If you wish to start your own business, you have many potential business structures to choose from. The most basic of these is the sole proprietorship, which is typically owned and operated by one individual and remains unincorporated.
There are potential benefits to starting a sole proprietorship. You are not beholden to shareholders or business partners, and you can usually start up a sole proprietorship with a minimum of paperwork. However, running a sole proprietorship also involves some significant risks.
- Tax trouble
As a sole proprietor, you report business profits on your personal income taxes. The law obliges you to pay quarterly self-employment taxes to cover your Medicare and Social Security tax obligations. Trouble with the IRS, including penalties and tax debt, may result from tax mismanagement.
- Personal liability
When it comes to liability for business debts, the law makes no distinction between you and your business. Therefore, if you owe money to business creditors, they can legally go after your personal assets.
- Health insurance costs
Becoming a sole proprietor means that you no longer have an employer to provide you with health insurance. If you lack insurance and experience a serious injury or major illness, you could wind up with big medical bills. At the same time, purchasing an individual health insurance policy may be beyond your means as a sole proprietor.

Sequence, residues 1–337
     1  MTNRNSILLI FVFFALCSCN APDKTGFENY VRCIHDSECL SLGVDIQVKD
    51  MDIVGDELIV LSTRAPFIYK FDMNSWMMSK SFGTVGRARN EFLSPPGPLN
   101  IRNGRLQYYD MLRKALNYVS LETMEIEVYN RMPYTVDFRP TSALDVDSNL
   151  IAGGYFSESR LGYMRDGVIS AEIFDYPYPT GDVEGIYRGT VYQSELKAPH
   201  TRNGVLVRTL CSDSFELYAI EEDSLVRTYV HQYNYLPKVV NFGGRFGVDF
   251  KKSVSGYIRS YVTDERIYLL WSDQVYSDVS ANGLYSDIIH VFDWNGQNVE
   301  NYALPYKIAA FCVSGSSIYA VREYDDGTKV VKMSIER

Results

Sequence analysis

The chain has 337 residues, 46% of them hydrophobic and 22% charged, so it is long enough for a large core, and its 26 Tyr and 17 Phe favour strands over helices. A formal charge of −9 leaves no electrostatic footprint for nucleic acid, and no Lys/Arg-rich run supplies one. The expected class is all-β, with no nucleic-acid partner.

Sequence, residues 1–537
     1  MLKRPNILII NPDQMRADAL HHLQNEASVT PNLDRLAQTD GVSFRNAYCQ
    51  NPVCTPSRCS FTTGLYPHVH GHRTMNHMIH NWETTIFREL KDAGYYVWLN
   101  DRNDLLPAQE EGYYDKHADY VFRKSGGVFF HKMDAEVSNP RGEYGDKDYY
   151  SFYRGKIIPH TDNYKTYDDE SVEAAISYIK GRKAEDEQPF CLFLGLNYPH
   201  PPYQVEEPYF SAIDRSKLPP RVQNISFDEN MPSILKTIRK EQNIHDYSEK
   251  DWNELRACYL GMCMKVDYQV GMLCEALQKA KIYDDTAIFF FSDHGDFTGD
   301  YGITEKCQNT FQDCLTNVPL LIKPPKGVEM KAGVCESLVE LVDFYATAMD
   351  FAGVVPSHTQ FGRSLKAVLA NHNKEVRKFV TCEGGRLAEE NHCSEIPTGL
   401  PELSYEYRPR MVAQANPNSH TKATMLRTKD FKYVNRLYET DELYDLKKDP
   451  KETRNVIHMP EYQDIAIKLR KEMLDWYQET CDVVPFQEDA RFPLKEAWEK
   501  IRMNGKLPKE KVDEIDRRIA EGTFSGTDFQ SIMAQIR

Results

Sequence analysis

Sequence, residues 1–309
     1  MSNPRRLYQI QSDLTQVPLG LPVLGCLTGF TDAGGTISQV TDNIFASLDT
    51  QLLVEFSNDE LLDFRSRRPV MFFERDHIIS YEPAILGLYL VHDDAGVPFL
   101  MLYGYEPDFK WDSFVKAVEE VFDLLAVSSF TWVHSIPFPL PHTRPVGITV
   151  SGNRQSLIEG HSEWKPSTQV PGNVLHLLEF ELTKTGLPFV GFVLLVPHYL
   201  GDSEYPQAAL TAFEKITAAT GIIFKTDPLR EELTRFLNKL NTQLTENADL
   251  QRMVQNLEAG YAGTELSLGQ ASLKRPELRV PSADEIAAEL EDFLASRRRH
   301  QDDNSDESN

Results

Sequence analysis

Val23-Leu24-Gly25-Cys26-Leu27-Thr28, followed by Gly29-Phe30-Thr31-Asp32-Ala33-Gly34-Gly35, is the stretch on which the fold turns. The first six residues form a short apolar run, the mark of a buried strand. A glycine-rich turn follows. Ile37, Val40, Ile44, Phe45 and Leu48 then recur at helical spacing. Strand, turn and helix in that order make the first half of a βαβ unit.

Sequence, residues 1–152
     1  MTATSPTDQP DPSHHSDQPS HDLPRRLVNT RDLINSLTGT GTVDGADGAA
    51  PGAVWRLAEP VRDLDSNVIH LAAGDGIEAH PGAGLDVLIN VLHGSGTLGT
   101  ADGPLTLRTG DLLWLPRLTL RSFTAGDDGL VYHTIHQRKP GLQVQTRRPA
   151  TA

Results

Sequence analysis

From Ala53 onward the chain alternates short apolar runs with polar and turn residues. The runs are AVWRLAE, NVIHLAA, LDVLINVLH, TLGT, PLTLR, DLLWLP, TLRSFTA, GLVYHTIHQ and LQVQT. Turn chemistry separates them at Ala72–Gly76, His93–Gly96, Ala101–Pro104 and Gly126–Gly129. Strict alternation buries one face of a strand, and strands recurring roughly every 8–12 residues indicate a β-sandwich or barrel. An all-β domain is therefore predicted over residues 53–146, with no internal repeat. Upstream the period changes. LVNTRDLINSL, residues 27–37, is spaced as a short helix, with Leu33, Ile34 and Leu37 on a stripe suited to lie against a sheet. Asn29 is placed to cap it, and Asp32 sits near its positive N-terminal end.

Banks may be reluctant to lend you capital to sustain your business. This is especially true if you own a sole proprietorship that is not doing well. The bank may have concerns about your ability to pay back the loan.
If you want to run your business by yourself, a sole proprietorship is not the only business structure available to you. Fortunately, if you want to reorganize an established business to eliminate some of these risks, it is usually a relatively simple matter to convert a sole proprietorship to a different structure.